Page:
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Romance myths exposed

Sex and romance become more significant to marital happiness over time, according to research.

Sexual satisfaction was more important during mid-life than in early marriage and was “surprisingly important” during a couple’s oldest years, said the study.

A survey of 1,000 married couples found that those aged 24 to 34 were the least concerned with sexual satisfaction. Yet being “in love” and “physically affectionate” were important.

Between the ages of 35 and 44, both genders put a higher value on having good and frequent sex, with wives valuing it more highly than husbands.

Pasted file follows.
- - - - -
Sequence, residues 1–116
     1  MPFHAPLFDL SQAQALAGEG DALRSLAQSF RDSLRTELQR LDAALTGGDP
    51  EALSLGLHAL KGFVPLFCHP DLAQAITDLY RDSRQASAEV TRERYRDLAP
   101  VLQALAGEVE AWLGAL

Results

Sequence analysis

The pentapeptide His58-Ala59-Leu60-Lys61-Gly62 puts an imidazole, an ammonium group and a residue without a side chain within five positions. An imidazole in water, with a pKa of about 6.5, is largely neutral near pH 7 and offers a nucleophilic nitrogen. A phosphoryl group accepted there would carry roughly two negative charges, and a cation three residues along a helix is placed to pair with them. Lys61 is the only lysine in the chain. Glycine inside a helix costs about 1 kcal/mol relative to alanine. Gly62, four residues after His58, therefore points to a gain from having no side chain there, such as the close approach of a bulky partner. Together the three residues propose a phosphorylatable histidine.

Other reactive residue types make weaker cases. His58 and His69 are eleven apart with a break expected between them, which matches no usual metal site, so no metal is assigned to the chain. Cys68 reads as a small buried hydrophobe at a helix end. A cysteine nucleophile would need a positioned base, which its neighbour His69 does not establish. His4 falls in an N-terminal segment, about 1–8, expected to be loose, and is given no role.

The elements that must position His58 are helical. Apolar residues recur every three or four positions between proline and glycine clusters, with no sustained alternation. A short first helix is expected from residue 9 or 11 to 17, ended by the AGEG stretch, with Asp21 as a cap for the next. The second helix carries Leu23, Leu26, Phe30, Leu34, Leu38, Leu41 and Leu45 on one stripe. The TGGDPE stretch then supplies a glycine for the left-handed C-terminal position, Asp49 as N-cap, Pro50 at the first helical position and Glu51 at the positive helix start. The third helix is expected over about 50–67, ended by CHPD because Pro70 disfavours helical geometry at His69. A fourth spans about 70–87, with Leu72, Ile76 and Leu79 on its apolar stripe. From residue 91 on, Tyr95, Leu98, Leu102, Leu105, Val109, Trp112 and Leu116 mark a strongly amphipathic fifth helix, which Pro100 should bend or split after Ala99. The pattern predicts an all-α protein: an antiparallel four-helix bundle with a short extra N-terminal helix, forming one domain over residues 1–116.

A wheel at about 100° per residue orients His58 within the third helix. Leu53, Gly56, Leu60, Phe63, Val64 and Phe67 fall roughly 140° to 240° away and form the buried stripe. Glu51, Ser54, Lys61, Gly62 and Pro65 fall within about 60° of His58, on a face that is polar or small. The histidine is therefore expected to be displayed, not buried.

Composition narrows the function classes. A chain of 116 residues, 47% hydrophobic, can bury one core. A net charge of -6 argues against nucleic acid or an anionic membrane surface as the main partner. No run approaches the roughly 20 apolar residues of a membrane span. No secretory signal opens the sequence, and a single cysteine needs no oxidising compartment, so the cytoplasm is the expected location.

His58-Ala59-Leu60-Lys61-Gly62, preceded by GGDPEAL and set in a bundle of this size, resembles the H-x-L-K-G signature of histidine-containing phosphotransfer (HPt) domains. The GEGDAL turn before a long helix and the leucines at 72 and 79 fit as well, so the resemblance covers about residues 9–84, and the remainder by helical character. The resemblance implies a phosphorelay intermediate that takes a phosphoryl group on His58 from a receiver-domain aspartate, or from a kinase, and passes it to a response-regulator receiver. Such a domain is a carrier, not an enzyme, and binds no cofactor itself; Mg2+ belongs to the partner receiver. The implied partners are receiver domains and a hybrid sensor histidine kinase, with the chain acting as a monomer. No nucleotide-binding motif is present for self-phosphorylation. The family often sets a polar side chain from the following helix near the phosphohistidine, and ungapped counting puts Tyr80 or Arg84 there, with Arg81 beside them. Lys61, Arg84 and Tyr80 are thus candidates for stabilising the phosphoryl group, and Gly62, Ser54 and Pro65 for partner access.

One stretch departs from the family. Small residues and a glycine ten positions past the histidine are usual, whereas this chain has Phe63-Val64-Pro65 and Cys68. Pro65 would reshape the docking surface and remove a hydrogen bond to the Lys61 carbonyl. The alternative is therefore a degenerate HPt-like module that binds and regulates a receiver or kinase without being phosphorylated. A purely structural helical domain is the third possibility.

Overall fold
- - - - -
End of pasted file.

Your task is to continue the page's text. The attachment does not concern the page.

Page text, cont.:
“It debunks the stereotype that men want ‘good sex and lots of it’ while wives want understanding,” said John Gottman, author of The Relationship Cure.

Between the ages of 45 and 54, women rate being “in love” as the most important thing. The importance of a sex life was rated at a near-lifetime low, while for a man this does not happen until they are 55 to 65.

For those who remain married, years of being together yield an intimacy that trumps even the newly-wed glow, says the study, published in the Reader’s Digest.

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